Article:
We can always use decals or transfers instead of painting our shields with a brush. However, hand painted shields are always more impressive!. And it is very easy to do them.
Although the previous picture presents a Gaul horde, in this tutorial (inspired by an article published in Wargames: Soldados y Estrategia nº14, by El Mercenario), I will show how to paint Roman shields with a easy symbol. Anyway, the base is the same in all cases. An these miniatures are from Forged in Battle, who are going to start a new Kickstarter to create a new range of Ancient miniatures.
First, we have to paint the whole shield in a specific color. In this case, red, although there is a little controversy about this (we can find representations with white, blue or green shields!). Anyway, I love the red color in the Roman army. Therefore, I start using Cavalry brown (982, Vallejo), and then I apply lights with flat red on extremes (so the central area will be darker). We can apply a final light, mixing red with a little white.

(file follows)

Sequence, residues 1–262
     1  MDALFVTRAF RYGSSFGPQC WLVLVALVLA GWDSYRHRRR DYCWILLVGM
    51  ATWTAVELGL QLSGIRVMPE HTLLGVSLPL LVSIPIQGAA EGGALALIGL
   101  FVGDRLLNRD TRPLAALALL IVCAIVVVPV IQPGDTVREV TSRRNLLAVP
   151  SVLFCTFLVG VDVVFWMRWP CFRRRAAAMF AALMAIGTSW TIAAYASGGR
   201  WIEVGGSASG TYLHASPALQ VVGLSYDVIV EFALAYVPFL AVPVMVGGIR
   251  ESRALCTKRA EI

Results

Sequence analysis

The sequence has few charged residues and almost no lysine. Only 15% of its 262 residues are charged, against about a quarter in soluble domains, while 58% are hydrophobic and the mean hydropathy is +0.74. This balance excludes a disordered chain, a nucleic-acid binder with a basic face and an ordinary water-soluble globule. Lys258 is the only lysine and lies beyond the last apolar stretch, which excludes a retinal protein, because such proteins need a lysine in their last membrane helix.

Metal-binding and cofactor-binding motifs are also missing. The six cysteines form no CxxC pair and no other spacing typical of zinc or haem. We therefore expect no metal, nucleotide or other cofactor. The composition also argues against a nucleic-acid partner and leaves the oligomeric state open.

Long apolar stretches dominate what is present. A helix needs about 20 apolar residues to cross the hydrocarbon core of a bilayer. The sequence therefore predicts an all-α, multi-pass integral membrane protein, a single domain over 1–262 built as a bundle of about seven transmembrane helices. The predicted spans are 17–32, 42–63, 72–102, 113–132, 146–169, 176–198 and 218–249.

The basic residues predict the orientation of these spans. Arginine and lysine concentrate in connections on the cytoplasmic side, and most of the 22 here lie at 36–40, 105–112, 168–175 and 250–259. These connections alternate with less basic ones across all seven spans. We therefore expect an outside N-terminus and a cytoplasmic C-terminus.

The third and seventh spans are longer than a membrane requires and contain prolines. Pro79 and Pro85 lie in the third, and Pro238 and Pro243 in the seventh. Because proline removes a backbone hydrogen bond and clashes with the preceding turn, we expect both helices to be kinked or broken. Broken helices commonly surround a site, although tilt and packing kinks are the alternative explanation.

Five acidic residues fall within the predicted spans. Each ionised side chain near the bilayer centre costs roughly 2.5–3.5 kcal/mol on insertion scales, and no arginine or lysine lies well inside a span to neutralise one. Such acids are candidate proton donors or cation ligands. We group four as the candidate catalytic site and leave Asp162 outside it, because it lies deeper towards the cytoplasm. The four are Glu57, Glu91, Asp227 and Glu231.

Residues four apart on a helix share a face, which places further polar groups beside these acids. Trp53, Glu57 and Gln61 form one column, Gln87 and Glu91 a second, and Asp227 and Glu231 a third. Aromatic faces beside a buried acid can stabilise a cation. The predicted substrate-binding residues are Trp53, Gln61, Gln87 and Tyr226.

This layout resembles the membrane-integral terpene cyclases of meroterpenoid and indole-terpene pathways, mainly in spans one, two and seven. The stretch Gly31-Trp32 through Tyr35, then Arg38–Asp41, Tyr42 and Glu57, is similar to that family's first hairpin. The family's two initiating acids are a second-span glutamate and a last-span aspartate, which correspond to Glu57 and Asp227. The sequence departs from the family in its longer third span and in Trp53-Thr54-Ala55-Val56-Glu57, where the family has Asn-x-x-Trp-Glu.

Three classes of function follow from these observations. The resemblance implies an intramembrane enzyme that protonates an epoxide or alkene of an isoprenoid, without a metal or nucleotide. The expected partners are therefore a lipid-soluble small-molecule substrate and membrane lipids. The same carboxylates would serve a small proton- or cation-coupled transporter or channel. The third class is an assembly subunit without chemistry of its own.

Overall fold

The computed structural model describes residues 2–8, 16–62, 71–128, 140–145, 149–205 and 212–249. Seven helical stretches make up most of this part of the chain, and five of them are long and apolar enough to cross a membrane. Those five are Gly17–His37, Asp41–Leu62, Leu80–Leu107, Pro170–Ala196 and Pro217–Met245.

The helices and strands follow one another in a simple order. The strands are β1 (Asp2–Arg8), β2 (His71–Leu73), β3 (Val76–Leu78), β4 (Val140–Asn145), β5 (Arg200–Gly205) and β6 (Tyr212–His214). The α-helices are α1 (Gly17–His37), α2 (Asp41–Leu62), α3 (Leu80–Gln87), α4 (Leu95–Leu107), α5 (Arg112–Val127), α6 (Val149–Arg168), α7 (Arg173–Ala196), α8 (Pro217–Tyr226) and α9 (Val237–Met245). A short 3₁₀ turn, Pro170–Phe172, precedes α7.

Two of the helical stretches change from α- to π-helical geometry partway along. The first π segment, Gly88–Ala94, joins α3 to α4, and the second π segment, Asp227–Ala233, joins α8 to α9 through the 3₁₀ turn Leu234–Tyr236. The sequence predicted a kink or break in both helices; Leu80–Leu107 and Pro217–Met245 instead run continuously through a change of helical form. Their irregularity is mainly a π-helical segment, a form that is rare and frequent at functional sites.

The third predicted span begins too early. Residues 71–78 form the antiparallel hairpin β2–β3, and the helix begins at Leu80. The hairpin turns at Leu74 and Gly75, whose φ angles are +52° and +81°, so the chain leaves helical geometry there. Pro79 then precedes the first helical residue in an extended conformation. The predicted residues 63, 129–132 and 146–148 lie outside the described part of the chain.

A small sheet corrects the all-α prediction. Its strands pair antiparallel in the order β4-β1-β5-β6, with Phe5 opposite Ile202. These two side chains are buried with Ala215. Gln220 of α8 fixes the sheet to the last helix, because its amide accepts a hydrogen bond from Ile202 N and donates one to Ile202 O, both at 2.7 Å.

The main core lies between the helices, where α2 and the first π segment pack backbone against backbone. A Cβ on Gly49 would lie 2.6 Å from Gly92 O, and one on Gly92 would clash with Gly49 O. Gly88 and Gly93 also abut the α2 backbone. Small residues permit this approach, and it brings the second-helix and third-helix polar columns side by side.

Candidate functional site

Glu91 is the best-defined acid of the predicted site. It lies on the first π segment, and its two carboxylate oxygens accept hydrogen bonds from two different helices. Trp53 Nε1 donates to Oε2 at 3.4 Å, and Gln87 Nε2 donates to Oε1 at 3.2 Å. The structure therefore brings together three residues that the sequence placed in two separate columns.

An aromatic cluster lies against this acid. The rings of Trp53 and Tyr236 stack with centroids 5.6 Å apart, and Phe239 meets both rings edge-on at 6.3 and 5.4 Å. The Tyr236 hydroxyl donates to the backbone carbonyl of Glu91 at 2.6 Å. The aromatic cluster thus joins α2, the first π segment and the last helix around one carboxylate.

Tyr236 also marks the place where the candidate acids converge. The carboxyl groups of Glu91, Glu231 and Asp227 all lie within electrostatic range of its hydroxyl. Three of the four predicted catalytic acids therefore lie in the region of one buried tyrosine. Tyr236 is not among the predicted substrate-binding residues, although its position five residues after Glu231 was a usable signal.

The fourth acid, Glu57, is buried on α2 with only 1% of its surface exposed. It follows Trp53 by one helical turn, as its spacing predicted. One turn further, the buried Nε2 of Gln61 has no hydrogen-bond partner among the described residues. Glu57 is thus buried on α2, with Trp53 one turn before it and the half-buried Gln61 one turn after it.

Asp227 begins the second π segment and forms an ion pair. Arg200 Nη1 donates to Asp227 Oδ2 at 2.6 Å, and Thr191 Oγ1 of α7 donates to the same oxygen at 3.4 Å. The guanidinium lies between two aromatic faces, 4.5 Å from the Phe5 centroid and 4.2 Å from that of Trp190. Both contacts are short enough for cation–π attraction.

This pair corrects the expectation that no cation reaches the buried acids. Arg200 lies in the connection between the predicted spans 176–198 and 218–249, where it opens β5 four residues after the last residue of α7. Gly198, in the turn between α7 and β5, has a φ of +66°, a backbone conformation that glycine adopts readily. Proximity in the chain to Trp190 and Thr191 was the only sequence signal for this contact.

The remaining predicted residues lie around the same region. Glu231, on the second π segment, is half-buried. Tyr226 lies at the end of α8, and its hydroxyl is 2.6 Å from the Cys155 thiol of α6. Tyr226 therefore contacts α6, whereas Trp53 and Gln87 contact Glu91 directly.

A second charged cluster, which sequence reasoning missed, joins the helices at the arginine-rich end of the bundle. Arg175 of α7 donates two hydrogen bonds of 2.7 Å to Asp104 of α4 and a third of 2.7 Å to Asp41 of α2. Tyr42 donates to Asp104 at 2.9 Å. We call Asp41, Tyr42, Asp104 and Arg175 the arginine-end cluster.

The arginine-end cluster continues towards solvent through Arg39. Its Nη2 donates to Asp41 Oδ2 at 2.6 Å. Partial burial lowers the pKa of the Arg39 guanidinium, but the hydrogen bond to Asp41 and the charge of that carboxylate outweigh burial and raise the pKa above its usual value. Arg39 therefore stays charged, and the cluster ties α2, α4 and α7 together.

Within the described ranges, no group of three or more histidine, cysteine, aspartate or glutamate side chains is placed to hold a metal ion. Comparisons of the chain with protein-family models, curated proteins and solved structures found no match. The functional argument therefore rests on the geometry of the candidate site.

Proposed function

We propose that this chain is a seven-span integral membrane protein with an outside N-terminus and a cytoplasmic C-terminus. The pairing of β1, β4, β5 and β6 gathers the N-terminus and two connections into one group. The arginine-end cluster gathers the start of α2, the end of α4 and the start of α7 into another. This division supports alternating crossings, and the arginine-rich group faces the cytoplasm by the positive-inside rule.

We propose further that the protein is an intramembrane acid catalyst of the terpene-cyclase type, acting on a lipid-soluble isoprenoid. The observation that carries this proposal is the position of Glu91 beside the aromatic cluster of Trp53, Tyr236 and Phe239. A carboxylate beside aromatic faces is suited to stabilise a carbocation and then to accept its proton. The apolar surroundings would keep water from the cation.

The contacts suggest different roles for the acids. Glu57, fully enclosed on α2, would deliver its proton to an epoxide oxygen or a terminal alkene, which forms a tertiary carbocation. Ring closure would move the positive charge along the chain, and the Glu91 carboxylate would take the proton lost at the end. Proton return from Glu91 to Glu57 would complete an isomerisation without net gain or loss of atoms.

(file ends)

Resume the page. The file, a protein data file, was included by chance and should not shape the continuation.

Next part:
Then we can start painting the base or siluete of our symbol / draw. In this case, some kind of wings or similar. So, first we paint the silhouette with Beige brown (875, Vallejo). It’s recomendable to use a sharp brush!. Indeed I use a Winsor&Newton series 7, number 1.
- We paint an horizontal line in each wing (as you can see in the picture).
- We paint 4-6 small points in the wing bases.
- We paint 3 long lines from the base to the end.
Finally, we can apply some lights in these details, mixing the Golden brown with white. These lights are very important to get more contrast. And remember, we can always re-paint all fails, so no problem!.
Anyway, the most important factors when you are painting 15mm shields are two: a sharp brush and contrast. You need a lot of precision, so you have to use a very good brush with a sharpened tip. And the contrast is very important too, in order to attract the spectator attention, because the result will be more striking.